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Text © Kenn Kaufman, adapted from
Lives of North American Birds

Migration

Present all year in coastal Texas but more common in summer, with some migrating to Mexico in winter. There is thought to be some regular seasonal movement between Florida and Cuba. After breeding season, a few (mostly immatures) may stray far north and well inland. Rarely strays into southwest from western Mexico.

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Migration

Present all year in coastal Texas but more common in summer, with some migrating to Mexico in winter. There is thought to be some regular seasonal movement between Florida and Cuba. After breeding season, a few (mostly immatures) may stray far north and well inland. Rarely strays into southwest from western Mexico.

  • All Seasons - Common
  • All Seasons - Uncommon
  • Breeding - Common
  • Breeding - Uncommon
  • Winter - Common
  • Winter - Uncommon
  • Migration - Common
  • Migration - Uncommon
Songs and Calls
Low croaks and clucking sounds.
Audio © Lang Elliott, Bob McGuire, Kevin Colver, Martyn Stewart and others.
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How climate change could affect this bird's range

In the broadest and most detailed study of its kind, Audubon scientists have used hundreds of thousands of citizen-science observations and sophisticated climate models to predict how birds in the U.S. and Canada will react to climate change.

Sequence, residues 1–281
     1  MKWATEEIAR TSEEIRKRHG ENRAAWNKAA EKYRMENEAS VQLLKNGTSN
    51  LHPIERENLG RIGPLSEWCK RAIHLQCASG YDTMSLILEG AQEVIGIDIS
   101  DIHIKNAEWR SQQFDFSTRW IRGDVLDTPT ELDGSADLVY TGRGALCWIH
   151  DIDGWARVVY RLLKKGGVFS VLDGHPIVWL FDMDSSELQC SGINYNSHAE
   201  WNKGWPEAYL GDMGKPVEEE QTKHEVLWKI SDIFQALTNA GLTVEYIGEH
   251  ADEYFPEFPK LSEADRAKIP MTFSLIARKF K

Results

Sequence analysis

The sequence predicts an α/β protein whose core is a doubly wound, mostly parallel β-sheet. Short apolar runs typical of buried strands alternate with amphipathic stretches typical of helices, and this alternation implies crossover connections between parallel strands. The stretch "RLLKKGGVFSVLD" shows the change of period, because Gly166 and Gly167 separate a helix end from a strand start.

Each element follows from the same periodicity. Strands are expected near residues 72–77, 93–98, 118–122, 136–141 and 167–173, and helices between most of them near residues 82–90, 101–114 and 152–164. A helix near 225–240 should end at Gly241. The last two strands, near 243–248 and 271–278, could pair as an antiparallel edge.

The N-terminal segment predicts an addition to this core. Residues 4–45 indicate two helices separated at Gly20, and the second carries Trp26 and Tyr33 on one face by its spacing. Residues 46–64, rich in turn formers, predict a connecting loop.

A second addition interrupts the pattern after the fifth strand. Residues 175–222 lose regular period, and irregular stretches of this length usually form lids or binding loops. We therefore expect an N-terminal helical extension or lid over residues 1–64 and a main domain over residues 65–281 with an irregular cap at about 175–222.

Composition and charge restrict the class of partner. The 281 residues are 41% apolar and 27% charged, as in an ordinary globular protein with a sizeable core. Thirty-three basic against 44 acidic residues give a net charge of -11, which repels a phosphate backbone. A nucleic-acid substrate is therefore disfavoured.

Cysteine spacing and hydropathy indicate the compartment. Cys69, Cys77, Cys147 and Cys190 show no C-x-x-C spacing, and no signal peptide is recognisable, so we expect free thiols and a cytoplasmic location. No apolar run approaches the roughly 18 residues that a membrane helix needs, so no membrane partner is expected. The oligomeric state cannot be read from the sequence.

Learn more

Read more: climate.audubon.org
Ibises and Spoonbills Long-legged Waders

Roseate Spoonbill

The darker the color, the more favorable the climate conditions are for survival. The outlined areas represent approximate current range for each season.

More on reading these maps.

Each map is a visual guide to where a particular bird species may find the climate conditions it needs to survive in the future. We call this the bird’s “climatic range.”

The colors indicate the season in which the bird may find suitable conditions— blue for winter, yellow for summer (breeding), and green for where they overlap (indicating their presence year-round).

The darker the shaded area, the more likely it is the bird species will find suitable climate conditions to survive there.

The outline of the approximate current range for each season remains fixed in each frame, allowing you to compare how the range will expand, contract, or shift in the future.

The first frame of the animation shows where the bird can find a suitable climate today (based on data from 2000). The next three frames predict where this bird’s suitable climate may shift in the future—one frame each for 2020, 2050, and 2080.

You can play or pause the animation with the orange button in the lower left, or select an individual frame to study by clicking on its year.

The darker the color, the more favorable the climate conditions are for survival. The outlined areas represent approximate current range for each season. More on reading these maps.
Winter
Summer

Winter Range
Summer Range
Both Seasons